In focus: hero’s journey

In business gamification,  adding game psychology and game mechanics to a work related process, typically and also advisably takes a bit of narrative. Especially for learning, the hero’s journey is often chosen as a a way of telling a story where your end-user can be the hero, whether they are a customer, employee or learner. In essence the hero has to overcome stumbling blocks, villains, traps and anything else that you can imagine, but heroically reaches their goals and comes out winning in the end. To be honest some work days may indeed already have that feel about them for some, where they have battled the elements and then some in order to get to their destination.

For the majority of people though the work day shares more resemblance with a meandering river encountering the same kind of villages along its track instead of an epic tale of “Lord of the Rings” proportion. Most people want to get the job done to the best of their ability and hopefully within a reasonable timeframe, although the latter may vary significantly based on personal experience. Narrative can make learning or working more interesting for those that need the external motivator, for those who already gain satisfaction from learning or their work, the added narrative can be seen both as bonus fun or unnecessary.

In the case, where we are aiming at productivity and fast finding of resources, the hero’s journey approach may actually be more of a hinderance than an advantage. When the narrative slows down the learning or work, then it may become a hinderance. In most games with the exception possibly of text adventures, the narrative is kept quite limited, think Twitter length at best and where possible it is even replaced by imagery. Games companies want you to progress in playing their game.

In gamification for productivity adding relevant game mechanics in meaningful places where they aid both the user and the intended outcome, is often preferred over longer storytelling narrative. What I am hinting at for example is at the progress bar from LinkedIn that indicates the percentage completeness and also prompts you to complete the next sections. You do earn titles like “All-star” by completing the process, but the game mechanics are there to aid you through the actual filling out of the form and not slowing you down by telling you your tale of becoming an all star profile on social media.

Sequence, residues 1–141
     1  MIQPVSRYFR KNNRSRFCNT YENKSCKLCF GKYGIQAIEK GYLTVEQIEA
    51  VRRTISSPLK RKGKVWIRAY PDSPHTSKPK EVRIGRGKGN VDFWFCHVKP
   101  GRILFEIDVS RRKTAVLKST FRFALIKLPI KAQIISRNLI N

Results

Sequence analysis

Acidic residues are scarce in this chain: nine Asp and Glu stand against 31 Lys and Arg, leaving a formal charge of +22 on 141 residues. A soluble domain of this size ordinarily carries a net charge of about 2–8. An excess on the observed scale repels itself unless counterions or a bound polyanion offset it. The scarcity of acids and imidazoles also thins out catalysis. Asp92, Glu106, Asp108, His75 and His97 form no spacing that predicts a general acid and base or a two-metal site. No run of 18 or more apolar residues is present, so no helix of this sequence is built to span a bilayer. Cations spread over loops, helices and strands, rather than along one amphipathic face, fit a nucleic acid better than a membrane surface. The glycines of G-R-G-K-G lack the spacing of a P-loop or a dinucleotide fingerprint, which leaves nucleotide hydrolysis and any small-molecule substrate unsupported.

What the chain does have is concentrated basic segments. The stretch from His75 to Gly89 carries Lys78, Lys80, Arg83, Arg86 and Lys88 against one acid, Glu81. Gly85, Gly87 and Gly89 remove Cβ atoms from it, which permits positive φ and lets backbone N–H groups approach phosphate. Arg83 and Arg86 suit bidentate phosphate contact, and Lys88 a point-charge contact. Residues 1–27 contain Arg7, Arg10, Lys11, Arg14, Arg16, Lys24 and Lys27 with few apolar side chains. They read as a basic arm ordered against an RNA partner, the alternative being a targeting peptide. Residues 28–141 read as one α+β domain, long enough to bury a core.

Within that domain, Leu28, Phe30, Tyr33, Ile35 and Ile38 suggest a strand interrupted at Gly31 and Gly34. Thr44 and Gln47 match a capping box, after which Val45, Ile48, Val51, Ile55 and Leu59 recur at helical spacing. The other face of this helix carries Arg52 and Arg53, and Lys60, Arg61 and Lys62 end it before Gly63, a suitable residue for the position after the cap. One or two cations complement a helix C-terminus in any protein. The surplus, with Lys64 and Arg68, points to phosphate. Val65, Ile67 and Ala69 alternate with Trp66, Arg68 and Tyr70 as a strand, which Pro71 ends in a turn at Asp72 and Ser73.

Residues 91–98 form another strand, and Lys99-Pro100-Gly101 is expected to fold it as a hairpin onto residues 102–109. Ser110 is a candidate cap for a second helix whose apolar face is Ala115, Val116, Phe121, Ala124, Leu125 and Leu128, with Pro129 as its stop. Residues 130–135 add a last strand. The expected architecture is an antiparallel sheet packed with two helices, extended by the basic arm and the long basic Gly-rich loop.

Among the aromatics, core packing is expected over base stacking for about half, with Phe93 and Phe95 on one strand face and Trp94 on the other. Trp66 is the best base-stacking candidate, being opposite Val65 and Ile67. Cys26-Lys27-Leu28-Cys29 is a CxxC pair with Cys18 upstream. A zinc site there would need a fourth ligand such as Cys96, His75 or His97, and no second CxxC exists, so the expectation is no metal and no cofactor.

Adults retain information better when they can hook it onto something they can understand from their reality or a fictional story. I used the movie “Oceans 11” for a project management training in the media sector, where the speed of execution and the unmovable deadline of a channel or program going on air was very similar to the unmovable deadline of fight night in the movie. We used all the tools you would expect in a project from a stakeholder analysis, to a risk assessment, a project plan, communication plan etc. on the movie, which created the common ground that was often lacking in previous versions of this training. Everyone used to show up with different projects with requirements that weren’t quite the same. By having the common thread, it made it easier for learners to get to grips with good practise and then they were also asked to apply it to their  specific personal projects, which made sense. I can still quote some of the scenes of the movie after delivering that training 19 times, which always started with a complete viewing of the movie.

The key is to find the balance of where narrative aides business gamification and where it doesn’t. The starting point should always be referring back to your user, what is most natural to them and if in doubt ask and observe them. We had a case where a client had a wonderful e-learning academy totally set up for the explorative learner, but when we asked learners and observed them, they couldn’t find anything or not quick enough and they would rather have a better search functionality than more storyline.

As a rule of thumb when using narrative, try to use and image, gif or animation that replaces a paragraph and if you need to resort to words keep them to twitter size length. If for speed a game mechanic on its own does the trick, then by all means choose this. Trial and error will teach you what works for your audience.

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